Wallabies: Positive ‘glimpses’, ‘concerning’ negatives and suggested changes for Joe Schmidt’s second Test in charge

Dylan Coetzee
Wallabies head coach Joe Schmidt before a Test against Wales.

Wallabies head coach Joe Schmidt before a Test against Wales.

And so the Joe Schmidt era began for the Wallabies with a 25-16 win over Wales in Sydney last weekend with the first box being ticked.

There is much to look at from the performance and we delve into what was good from the Wallabies while also pointing out what can be fixed.


Schmidt clearly wanted to keep things simple and start by getting the basics right, in many ways walking before running, and he did that with the set-piece which operated at 80% in the scrum and 93% in the line-out. Now he may want more from the scrum but at times, when Taniela Tupou was on the set-piece, he was delightful and won them penalties. However, the powerhouse’s fitness may be a concern having been hooked at the break.

Outside of that, there were some neat performances from debutant Jeremy Williams in the second-row as well as the ever-green Rob Valetini, who was a colossus again. They were the standouts in a decent first run-out for the new-look Wallabies pack.

Jake Gordon and Noah Lolesio operated well for the most part as the half-back pairing, with the scrum-half in particular using his big boot to good effect from the base of ruck – this probably gets him ahead of Tate McDermott.

Lolesio was not perfect but he showed glimpses of what he could do and maybe enough for Schmidt to believe he could develop into a sparkling player in gold.

Hunter Paisami and Josh Flook were solid enough, building on their club partnership, but where there was a point of difference was in the back three. Tom Wright comes with errors but also brilliance as he showed in the decisive try running from his own half. Filipo Daugunu was abrasive and quick while Andre Kellaway almost scored a superman try in the corner. Much to be excited about.

Wales star a fitness concern ahead of second Wallabies clash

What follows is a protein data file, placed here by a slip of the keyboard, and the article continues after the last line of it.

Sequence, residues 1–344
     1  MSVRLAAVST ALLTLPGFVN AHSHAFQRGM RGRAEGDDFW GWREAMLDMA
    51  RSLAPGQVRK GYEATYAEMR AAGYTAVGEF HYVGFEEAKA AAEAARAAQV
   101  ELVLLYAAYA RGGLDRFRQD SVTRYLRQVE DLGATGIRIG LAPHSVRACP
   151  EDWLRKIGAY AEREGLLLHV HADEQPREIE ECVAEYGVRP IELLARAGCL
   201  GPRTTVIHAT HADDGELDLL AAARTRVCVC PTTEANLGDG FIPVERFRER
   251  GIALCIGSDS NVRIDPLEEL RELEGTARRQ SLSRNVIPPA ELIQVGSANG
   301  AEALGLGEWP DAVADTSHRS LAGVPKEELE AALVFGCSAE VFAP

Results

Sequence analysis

Now the stuff not to be excited about starting with the chief issue of discipline, which was not good enough throughout with a tally of 13 penalties, although it was somehow an improvement on their last outing against Fiji (18) in the World Cup.

Wales were also high with 11 but, if you look at New Zealand, England, South Africa and Ireland, it was only the Red Rose who reached double figures in the penalty count. So ultimately the Wallabies need to get their number down to single figures or they will be dominated in the Rugby Championship.

That is something that can be improved on, as is the case for maul defence which is a massive point of concern. Wales scored a lovely effort off a drive against the Wallabies and could have got a second if it were not for an obstruction technicality when shifting the point of contact. If that was allowed there is a chance Wales could have turned the result their way.

Once again, powerful sides like the All Blacks and Springboks will be mauling against the Wallabies next month and they need to fix it as soon as possible.


None, barring injury of course. It was loose at times but the Wallabies were on the right side of the scoreline so we expect them to keep things the same and look to build on their performance.

There are options to tweak the back-row, with Charlie Cale looking good off the bench, or change the half-backs, but it just makes a lot more sense to opt for continuity and let the players show they can improve.

If the Wallabies can clean up their discipline and lower their error-rate, especially unforced errors, then they should walk away with another win.

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